The central body of our Solar System, the sun is a yellow dwarf star born out hydrogen triggered nuclear fusion which took place about 4.6 billion years ago. Though in astronomical terms the sun is not considered to be a large star but it is still the largest body within our Solar System containing about 99% of the matter of the system. Besides it also controls the orbital path of other celestial bodies within the system.
The sun is the main source of heat providing enough warmth to enable at least one planet produce life forms. The temperature at the core is about 20 million degrees Centigrade. Energy is radiated from sun in form of radio waves, microwaves, infrared radiation, visible light spectrum, ultra violet radiation, x-rays & gamma rays. The equatorial region rotates once every 27.275 days while its Polar Regions rotate every 34 days. In absence of any molecular solid the sun is a gaseous sphere without any solid surface. The surface consists of granular sea of gaseous firestorms known as photosphere. These are roughly 600 miles in diameter. Due to presence of negative hydrocarbon these granules are partly opaque and during the eight-minute life span hot gas rush out of the center pushing the cooler ones outside. Sometimes violent surface eruptions explode from the photosphere. The energy from such eruption equals ten million hydrogen bombs. These are called Solar Flares.
First observed in 1859 by Richard Carrington, solar flares take several hours or days to build up but are released within minutes. Solar flares range one per Earth week to several flares per Earth day. The period when the frequency of flares is low is called the quite period. The resultant shock waves travel outwards for hundreds of thousands of miles. It is believed that the magnetic energy of the sun causes such flares. The charged particles released in the flares are attracted by the Earth's magnetic field causing the Aurora Borealis in Earth's atmosphere. The dark & cooler regions on the surface of the photosphere are called Sunspots. During the quite period the sunspots are hardly seen, but hundreds are observed clearly during the active period. Sunspots vary in shape & size. They usually occur in groups. They grow to their full size within a week but take over two weeks to decay. A thin transparent layer called chromosphere covers the photosphere. Surrounding the chromosphere is the vast field of hydrogen particles called the corona. The corona is not visible against the bright sun and can be observed only during a total solar eclipse. Blowing outwards from the sun is the stream of hot, ionized, subatomic particulate plasma called solar wind. In some cases these solar winds form into a fireball known as coronal mass ejection better known as giant maelstrom of ionized gases at temperature over a million degree. Such plasma can tear into the earth's magnetic field causing potential negative effect on spacecraft, frying the electronic components of the telecommunication satellites, and knocking out power supplies even put millions of cell phones and other wireless devices through out the globe out of action. It can smash through the skin of the spacecraft and lodge inside dielectric materials like thermal blankets, electronic boards, coaxial cables, and electric insulation. It can create a strong electric field inside the spacecraft. Scientists have been observing the sun since the past 200 years and have observed several the occurrence of such fireballs every eleven years.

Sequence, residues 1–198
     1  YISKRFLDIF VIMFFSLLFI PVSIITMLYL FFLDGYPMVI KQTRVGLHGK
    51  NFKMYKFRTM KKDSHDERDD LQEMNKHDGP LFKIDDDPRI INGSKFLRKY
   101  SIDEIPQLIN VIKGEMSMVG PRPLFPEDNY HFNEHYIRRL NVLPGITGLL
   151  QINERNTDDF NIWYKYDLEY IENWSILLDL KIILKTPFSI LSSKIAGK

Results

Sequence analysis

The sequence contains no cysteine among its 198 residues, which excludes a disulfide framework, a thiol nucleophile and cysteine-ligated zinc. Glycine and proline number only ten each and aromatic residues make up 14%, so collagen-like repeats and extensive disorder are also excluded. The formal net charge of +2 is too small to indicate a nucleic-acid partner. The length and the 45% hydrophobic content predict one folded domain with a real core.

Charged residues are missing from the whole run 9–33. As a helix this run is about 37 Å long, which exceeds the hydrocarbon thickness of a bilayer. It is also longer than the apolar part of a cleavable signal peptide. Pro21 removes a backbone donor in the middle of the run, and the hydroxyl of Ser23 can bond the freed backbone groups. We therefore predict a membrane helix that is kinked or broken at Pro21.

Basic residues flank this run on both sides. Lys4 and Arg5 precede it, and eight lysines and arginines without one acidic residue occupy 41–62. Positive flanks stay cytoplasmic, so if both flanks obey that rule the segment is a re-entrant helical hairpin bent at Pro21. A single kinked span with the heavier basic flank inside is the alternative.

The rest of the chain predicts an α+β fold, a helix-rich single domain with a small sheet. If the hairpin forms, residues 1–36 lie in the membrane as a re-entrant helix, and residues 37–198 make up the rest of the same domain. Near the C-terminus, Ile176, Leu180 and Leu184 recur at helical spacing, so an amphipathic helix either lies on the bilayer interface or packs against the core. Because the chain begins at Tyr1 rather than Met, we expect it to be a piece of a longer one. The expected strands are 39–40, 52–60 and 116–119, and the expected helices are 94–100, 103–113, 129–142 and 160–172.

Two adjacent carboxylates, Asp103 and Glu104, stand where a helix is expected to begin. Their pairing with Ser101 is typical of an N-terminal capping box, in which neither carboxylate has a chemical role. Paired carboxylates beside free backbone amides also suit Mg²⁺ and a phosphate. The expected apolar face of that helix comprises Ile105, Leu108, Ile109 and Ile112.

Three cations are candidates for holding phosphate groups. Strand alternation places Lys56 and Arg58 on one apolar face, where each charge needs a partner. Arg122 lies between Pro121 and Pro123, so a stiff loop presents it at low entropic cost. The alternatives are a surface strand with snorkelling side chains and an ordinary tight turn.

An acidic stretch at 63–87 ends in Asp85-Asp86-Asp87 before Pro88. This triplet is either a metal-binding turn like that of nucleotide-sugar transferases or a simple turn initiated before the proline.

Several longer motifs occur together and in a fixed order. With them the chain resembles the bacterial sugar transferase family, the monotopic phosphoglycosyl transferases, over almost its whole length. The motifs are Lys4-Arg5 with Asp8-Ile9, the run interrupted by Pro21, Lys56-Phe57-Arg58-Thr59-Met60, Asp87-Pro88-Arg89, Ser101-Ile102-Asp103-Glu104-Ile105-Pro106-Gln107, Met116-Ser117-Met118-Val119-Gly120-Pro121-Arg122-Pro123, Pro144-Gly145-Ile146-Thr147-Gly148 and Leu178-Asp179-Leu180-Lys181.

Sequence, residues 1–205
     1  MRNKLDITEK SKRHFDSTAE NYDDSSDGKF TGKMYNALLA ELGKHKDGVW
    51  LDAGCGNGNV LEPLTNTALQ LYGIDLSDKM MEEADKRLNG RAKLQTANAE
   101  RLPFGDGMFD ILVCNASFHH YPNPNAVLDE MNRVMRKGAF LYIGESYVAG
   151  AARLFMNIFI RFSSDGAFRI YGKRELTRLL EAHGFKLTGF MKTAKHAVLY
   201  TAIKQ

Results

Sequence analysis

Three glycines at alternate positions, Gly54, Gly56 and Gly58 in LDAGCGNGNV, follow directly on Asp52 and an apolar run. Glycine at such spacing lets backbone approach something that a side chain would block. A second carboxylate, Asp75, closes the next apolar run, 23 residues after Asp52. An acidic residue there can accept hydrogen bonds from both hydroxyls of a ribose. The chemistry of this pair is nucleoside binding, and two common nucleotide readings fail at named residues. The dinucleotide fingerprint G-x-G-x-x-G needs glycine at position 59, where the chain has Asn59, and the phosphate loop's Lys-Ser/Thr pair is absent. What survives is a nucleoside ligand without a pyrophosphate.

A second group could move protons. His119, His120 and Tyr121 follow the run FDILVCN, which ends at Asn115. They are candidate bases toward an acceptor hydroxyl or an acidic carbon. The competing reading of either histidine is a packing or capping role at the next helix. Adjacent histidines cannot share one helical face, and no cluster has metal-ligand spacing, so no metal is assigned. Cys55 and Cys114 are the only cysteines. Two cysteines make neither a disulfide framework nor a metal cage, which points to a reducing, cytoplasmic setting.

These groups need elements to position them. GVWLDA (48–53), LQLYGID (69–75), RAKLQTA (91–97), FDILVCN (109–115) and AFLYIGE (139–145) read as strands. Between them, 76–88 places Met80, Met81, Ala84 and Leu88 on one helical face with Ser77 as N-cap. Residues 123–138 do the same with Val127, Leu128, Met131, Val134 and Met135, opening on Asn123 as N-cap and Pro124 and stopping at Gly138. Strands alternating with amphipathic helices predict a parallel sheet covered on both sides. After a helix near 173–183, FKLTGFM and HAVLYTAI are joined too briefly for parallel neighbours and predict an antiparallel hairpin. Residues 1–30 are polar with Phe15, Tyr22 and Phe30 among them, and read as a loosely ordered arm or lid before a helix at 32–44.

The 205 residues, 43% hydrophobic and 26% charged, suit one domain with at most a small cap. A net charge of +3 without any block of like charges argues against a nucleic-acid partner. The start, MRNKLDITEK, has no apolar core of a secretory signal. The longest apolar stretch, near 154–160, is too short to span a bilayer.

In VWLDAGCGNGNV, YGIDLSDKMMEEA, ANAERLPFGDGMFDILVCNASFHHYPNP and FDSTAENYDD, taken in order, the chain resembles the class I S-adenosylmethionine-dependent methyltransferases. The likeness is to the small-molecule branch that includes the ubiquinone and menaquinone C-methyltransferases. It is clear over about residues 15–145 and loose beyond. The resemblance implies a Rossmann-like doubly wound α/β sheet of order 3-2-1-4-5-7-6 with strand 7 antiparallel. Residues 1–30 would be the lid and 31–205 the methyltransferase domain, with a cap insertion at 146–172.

The last such storm had struck North America during the early hours of March 13, 1989. A giant fireball of plasma had escaped from the sun four days ago hitting the earth & rapidly changing the magnetic field, caused the several power supply systems to collapse. At New Jersey the power station burnt out. At Quebec, Canada, the temperature dropped to 15 degrees C while the entire town went without power supply. The Oak Ridge National Laboratory in Tennessee has predicted that the next such geomagnetic storm will be slightly more severe and would cost the U.S. economy up to $ 6 billion. Astronomers are counting the number of sunspots and the number of groups of sunspots during fixed intervals. These numbers determine the International Sunspot Number. During the minimum, the sunspot number cans be as low as 10. In July 1989 during the last solar maximum the peat was 159. The highest was 201 in March 1958. Panels of experts warn that the sunspot number could reach 190 between June 1999 & January 2000. A group of worried scientists are working round the clock in developing a complex computer to predict which parts of the earth might be affected. The club will be carrying our sunspot observation for members during May-June this year.
Amateur astronomers round the world have already started carrying out observation of the sun spots. The 11th August Solar Eclipse was considered the best time to carry out such observation. Several astronomers in Europe, Asia including India carried out special test and observations. The period during the totality was be the best time to photograph the sun to catch any solar activity buildup especially any sun flares.